Tuesday, November 11, 2014

How Mount Pleasant Celebrated the End of the Great War...Twice

by Bryan Whitledge

Until 1954, November 11th was recognized in the United States as Armistice Day, marking the anniversary of the end of the First World War. Sixty years ago, Americans decided to expand the scope of the day to honor all veterans of the military as part of a Veterans Day. But across Europe, November 11th holds a special place to remember the bloody, world-changing event that was supposed to be “the war that will end war.” In November of 1918, when the War was coming to end, reflecting upon the horrors of the War was not what people were doing to mark the end of combat, they were celebrating.

November 8, 1918 Isabella County Enterprise headline

4,000 miles from the front, in Mount Pleasant, Michigan, the end of the War brought about celebrations, just like in cities across the country. The November 8, 1918 Isabella County Enterprise (p. 4, col. 2) reported that “the Liberty Band appeared on the streets and played a 'Hot Time' on all the down town streets. A platform was built on the corner of Main and Broadway, and in the evening a regular old-fashioned jollification was held. There was lots of music, red hot speeches, and everybody rejoiced.” There was only one problem – On November 7, incorrect reports of the signing of an armistice spread across the United States and the victory celebrations were four days too soon.

SATC Lieutenants at
Central, ca. 1919
While many Americans here at home prematurely popped the corks on the celebratory champagne*, the War raged on another four days. Casualties continued to mount until just moments before 11:00 am, November 11, the time when the armistice took effect. Word that the armistice was truly agreed to quickly spread across the Atlantic. When the news hit American shores, the celebrations began for a second time. As the Isabella County Enterprise of November 15 (p. 1, col. 2) noted, “Monday [November 11] the real thing happened and again the town [Mount Pleasant] went wild.” The hearty souls in Mount Pleasant had it in them to celebrate two times in four days.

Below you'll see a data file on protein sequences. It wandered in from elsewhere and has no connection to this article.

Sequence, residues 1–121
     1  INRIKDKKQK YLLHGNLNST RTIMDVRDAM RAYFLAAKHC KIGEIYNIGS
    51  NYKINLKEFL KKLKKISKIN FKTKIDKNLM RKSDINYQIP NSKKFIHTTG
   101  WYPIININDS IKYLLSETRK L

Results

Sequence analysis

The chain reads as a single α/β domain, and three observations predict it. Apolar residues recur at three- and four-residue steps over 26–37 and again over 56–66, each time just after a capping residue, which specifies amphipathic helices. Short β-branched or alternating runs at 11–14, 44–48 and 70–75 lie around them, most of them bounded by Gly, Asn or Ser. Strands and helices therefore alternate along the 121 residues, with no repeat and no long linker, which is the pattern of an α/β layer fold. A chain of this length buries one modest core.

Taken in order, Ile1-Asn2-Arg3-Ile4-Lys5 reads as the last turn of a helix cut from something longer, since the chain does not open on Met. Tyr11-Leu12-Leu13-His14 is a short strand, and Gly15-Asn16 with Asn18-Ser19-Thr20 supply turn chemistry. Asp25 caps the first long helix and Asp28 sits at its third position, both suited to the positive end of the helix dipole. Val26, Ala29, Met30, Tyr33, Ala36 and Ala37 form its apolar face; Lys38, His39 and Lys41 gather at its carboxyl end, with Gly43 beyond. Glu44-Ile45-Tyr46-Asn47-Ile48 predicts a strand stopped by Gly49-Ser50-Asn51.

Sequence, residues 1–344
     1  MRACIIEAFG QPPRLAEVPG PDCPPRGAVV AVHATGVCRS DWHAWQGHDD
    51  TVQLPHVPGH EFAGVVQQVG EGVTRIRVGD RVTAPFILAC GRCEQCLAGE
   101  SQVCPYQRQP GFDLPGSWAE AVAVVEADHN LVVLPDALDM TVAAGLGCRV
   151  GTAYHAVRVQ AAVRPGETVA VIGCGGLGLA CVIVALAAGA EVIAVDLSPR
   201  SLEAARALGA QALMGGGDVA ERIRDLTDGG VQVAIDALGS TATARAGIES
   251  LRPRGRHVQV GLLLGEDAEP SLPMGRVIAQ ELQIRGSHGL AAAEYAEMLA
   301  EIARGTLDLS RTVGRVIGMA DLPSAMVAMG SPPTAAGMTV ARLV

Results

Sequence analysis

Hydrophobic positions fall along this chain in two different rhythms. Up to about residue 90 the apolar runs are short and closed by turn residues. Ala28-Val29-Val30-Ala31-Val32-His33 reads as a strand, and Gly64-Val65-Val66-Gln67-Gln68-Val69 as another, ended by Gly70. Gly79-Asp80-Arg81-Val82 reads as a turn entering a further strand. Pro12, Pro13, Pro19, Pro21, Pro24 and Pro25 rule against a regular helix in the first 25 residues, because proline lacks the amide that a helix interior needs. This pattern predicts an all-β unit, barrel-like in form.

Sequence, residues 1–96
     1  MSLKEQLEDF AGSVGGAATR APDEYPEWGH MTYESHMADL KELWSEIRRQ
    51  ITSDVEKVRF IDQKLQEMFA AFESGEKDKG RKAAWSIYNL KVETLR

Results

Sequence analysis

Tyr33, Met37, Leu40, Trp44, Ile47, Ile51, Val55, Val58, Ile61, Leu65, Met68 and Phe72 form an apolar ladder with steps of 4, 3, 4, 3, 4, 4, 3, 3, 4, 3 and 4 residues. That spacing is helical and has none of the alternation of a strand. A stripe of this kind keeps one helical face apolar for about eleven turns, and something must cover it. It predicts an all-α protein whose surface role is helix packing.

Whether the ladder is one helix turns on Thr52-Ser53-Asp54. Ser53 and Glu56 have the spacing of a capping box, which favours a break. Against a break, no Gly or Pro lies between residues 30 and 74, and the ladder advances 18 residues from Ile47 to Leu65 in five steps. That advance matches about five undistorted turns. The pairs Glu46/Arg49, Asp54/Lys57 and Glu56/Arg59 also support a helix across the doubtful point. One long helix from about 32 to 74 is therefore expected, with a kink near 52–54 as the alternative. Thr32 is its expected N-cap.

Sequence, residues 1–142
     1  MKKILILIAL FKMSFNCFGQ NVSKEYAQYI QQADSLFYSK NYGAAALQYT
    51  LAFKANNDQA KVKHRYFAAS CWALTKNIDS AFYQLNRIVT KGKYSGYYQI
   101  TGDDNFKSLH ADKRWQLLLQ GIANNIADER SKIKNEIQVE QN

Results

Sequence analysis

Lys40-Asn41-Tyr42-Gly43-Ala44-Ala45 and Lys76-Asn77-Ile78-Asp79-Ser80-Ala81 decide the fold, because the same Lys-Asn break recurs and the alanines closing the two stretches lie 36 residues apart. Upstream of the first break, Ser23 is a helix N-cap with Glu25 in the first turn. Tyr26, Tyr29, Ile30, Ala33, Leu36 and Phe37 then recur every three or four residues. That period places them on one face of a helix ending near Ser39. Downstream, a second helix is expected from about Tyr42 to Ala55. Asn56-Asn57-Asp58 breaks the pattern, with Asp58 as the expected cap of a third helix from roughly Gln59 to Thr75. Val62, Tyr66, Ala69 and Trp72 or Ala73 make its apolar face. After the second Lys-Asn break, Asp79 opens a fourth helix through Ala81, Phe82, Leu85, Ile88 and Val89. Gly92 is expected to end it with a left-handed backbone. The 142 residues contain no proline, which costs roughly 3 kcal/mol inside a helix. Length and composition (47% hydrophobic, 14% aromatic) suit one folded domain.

November 15, 1918 Isabella County
The second celebration was turned into an event that went on for multiple days. Wednesday, November 13, an ox roast was held and “not hundreds – but everybody – came to the barbecue.” The students from Central, including those in the Student Army Training Corps (SATC), joined in a parade with many other citizens and groups from Isabella County. The parade wound through Mount Pleasant to Island Park, where a band played and whoops and hollers filled the air. Professor Pearce gave a speech followed by the testimony of Howard Petoskey, who served in the Second Battle of the Marne.

Like many November days, November 13 was a “cold, uncomfortable day,” but the miserable weather could not stop the revelry. The end of the War meant many young men would be coming home. The armistice also raised the hopes of many for a lasting peace. As the Enterprise noted in closing, “Never in the world’s history of mankind has there been an occasion for such a celebration.”

*The champagne flowing in Mount Pleasant could have been sparkling grape juice considering that Michigan had enacted prohibition beginning May 1, 1917.